Our Place says opening up a retail store was part of the original vision for the company, which launched three years ago just before the onset of the pandemic. The launch of its sleek, multifunctional Always Pan, once boasted a 30,000-person waitlist. Since then, it has expanded into pans, tableware and kitchen tools, plus a partnership with Selena Gomez.
Now, the company is trying to expand beyond its viral product with both more offerings and distribution points beyond online-only sales.
“We’re going to be a brand that is in physical spaces with our community where they can touch and feel our products, but also get a sense of the brand and mission cook to together and gather together,” said founder and CEO Shiza Shahid. “That was always a vision, and once we felt it would be safe to do so, we started working on that.”
The pandemic, said Shahid, kept the brand “in a box,” and plans began in earnest to launch a shop about a year ago.
Our Place is far from the only DTC brand to establish its brick and mortar presence in the post-lockdown environment; M.M. La Fleur launched a New York City store this fall, while textile brand Coyuchi opened its second physical store in Palo Alto, California, last week. Other DTC players like Warby Parker, Parachute and AllBirds grew their footprints this year.
Our Place declined to share sales or revenue figures, or what its projection for sales from the store will be. But Shahid anticipates the spaces will further the brand’s identity by presenting a clear visual aesthetic and bringing people together — which in turn can translate into new customers.
“You get this very streamlined assortment that is just so different from anything that exists,” she said, “and so I think it further refines our design language, it further refines how we make products.”
The new retail space includes a long table showcasing kitchenware, plus counters with products available to pick up and examine. A mural, devised using colors from spices, adorns one wall, while the outside space has bleacher seating and tables. Cookbooks, not necessarily for sale, dot the shelves to provide culinary inspiration.
Will Williams, vice president of global retail for Our Place, said the goal of the Venice store design was to ensure that it wasn’t just an array of products on shelves. Part of that meant hosting programming like cooking classes, book signings and film screenings that may appeal to Our Place customers or those in the area. Even if they don’t make a purchase, Williams said, it can help build up the community.
“We don’t want to just open a store that’s selling cookware. That’s not exciting, and it’s not going to be exciting to consumers,” he said. “But if we’re going to do this, we really have to bring some value to the people that are walking into the space.”
Williams said the brand could move into other markets in the future, based on the performance in its hometown of Los Angeles. And he’s bullish on the opportunity given the resurgence of people shopping in physical stores following the coronavirus lockdowns.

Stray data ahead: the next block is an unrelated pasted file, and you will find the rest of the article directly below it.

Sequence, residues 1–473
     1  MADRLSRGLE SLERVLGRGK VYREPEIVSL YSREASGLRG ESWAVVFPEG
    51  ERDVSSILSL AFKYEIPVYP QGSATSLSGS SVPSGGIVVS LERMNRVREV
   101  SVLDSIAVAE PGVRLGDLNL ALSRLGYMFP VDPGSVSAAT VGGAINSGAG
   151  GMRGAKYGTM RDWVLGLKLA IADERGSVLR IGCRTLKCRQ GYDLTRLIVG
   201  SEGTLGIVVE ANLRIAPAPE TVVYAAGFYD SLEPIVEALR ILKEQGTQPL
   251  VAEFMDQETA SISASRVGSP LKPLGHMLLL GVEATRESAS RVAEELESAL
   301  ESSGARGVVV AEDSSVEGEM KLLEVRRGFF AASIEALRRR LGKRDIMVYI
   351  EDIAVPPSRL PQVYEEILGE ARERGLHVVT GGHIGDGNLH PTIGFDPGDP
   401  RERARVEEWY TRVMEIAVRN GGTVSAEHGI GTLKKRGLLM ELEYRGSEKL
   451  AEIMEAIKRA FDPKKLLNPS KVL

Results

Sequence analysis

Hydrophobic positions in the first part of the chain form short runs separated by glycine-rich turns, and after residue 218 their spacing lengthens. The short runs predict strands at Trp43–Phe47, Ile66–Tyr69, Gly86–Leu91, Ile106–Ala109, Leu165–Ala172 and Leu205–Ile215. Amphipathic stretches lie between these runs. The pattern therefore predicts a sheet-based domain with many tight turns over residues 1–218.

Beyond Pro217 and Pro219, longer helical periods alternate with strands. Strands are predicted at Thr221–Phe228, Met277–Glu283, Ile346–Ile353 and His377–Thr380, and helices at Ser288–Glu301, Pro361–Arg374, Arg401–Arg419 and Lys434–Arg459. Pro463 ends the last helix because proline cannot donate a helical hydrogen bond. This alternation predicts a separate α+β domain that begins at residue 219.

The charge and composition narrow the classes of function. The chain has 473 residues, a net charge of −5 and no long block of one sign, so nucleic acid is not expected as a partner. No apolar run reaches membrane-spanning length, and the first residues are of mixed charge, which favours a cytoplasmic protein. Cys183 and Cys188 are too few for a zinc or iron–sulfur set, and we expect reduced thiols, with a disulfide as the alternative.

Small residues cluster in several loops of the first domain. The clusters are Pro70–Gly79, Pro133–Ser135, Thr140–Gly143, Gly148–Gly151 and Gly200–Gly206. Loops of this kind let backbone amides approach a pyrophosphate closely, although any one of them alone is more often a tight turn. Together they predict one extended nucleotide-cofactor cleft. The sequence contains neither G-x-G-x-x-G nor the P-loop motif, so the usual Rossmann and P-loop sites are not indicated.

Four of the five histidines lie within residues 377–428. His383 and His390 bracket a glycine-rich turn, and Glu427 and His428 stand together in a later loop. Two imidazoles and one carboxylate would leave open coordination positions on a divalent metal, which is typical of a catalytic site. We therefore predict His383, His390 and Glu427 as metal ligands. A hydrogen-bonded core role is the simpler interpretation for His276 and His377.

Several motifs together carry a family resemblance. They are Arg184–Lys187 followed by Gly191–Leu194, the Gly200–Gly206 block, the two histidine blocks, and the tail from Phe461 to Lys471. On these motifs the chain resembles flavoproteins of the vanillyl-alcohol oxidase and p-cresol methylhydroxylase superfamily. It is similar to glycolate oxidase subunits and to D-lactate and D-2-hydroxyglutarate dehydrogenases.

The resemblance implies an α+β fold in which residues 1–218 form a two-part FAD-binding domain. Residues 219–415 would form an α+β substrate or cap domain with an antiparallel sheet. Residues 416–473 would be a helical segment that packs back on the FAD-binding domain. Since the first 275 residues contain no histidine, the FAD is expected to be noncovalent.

“The macro-economy told us now is a good time,” he said.
Brendan Witcher, vice president and principal analyst with Forrester, said despite the popularity of e-commerce, brands are wise to head to a physical environment. E-commerce sales made up 14.8% of all retail sales in the third quarter, according to U.S. Census Bureau figures.
“E-commerce is a great place to test,” Witcher said. “It’s far less capital and requirements to put something online and try to sell it. But once you get that appeal of consumers, that’s when it’s time to shift over and say, ‘Okay, now let’s, let’s fish where the fish are.’”
A physical location strategy doesn’t have to mean a brand’s own flagship store, though — it could mean a pop-up setup or wholesale distribution. The companies that decide to have their own signature space, though, will face new learning curves.
“All the skills you learn selling products online, almost become useless in a physical environment because the physical challenges of physical isn’t selling. It’s operating at a profitable level,” he said.
That means hiring qualified space, negotiating leases, planning the right footprint and, critically, developing a customer strategy that makes shopping easy, Witcher said. For a retailer in a tourist-driven area like Abbott Kinney, that might mean having shipping available so a customer doesn’t have to carry it around.
Shahid said that getting into a physical space did mean lessons learned, including dealing with the timeline of permitting processes and city requirements. She also said the brand wanted to pay attention to as many details as possible.
“When you’re a small business, a new business, really one of your strengths is moving fast,” she said. “We could get a white box and put some product in there and have it up and running much faster. But we really wanted people to walk in here and have a sense of ‘Well, I’ve never felt so welcomed. And I’ve never been in a space like this before.’”